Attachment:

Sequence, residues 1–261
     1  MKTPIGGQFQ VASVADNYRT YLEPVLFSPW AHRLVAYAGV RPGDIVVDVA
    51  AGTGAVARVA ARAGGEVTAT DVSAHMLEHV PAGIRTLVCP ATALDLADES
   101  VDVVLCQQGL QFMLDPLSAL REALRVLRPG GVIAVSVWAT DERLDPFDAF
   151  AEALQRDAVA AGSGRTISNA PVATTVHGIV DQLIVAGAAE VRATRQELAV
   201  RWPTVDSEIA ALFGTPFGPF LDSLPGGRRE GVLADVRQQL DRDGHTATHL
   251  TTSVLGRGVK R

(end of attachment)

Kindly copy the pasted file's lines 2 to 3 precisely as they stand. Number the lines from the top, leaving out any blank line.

     1  MKTPIGGQFQ VASVADNYRT YLEPVLFSPW AHRLVAYAGV RPGDIVVDVA
    51  AGTGAVARVA ARAGGEVTAT DVSAHMLEHV PAGIRTLVCP ATALDLADES